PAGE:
Paul Marsh, pioneer Patagonia rep from 1976 to 1995, lit out this Saturday on the road that cannot be mapped. He was 65.
I last talked to Paul in October; the litany of health problems did not sound good. Then came the e-mail in December. He was going off the road for his million-mile overhaul – hip, back, shoulder, knee. But he never went into the shop. The bloodwork turned out worrisome; the doctors at Emory worked for a couple of months to suss out what the numbers meant. On Saturday he had trouble breathing and thought he had the flu. Brenda took him to the hospital; his blood pressure was low and he died of sepsis that night.
In this space here you’ll find some appreciations of Paul from Mike Thompson, Steve Rogerson and Dawson “Chattanooga Does Not Exist” Wheeler, plus a roast I wrote that June Fox read aloud at Paul’s 50th birthday dinner and food fight. Please write your own line; this will be for Brenda.
[Bubba Sloan, Denny Mays and Paul Marsh, 1985: Three Georgia boys try out California's biggest hot tub. Photo: First appeared in the Patagonia Quarterly, 1985. Editor's note: Email your photo of Paul, with caption and photo credit, to thecleanestline[at]patagonia.com and we'll add it to this post.]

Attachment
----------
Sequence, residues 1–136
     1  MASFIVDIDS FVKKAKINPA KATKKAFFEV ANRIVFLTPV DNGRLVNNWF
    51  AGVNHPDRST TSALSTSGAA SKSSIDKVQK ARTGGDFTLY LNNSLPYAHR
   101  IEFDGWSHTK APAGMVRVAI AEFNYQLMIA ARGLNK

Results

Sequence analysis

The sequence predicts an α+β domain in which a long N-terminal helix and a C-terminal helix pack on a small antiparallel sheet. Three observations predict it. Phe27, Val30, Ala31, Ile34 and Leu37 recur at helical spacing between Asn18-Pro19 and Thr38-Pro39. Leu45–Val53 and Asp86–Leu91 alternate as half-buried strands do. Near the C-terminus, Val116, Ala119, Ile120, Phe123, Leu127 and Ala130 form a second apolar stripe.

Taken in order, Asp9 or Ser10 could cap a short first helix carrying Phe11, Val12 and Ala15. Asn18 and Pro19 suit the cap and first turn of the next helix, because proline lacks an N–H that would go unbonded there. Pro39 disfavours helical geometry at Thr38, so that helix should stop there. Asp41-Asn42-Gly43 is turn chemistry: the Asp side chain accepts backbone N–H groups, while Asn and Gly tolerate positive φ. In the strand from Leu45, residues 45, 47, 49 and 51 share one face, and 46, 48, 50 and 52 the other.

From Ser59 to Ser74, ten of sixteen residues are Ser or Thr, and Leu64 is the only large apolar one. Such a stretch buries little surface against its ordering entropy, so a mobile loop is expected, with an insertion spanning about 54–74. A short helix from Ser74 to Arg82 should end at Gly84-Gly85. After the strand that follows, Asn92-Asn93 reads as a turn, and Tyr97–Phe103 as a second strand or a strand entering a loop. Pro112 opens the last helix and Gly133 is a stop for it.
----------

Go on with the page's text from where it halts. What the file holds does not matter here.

When I got the call I was reading at a picnic table in Fort Mason by old battery guns once trained on would-be 19th century invaders of San Francisco Bay. A gorgeous day – blue, slight breeze, high fifties. High spring. You could see the boats out and the swimmers from the Dolphin Club. Spring followed us home to Santa Barbara. Yesterday morning I could see, could feel, the light play in the leaves of the old cork tree outside my window.
When I remember Paul, I remember him in motion: two in the morning on a hot, all-fans-on-high Georgia night, packing the samples and folding the racks for the next day’s trip, or out at dusk feeding his dozen scrambling rescued dogs. I remember being on the other end of the phone listening to the motion of Paul’s mind and in the presence of a spirit that sailed all day at a steady 20 knots.
He had a wry sense of humor, a developed sense of justice, intensity – he could chain-smoke while chewing on a Nicorette – and a passion to get it done, all that he had to get done in a day. He was never mean and the only lie I ever heard him say was, talking to his fellow reps, “You know, I never tell the truth.” He was relentlessly loyal to the people and animals he decided were inside his tribe; we were legions. Working at my desk yesterday, feeling the light play in the leaves I wondered where Paul might be, and not allegorically. All that spirit; where does it go?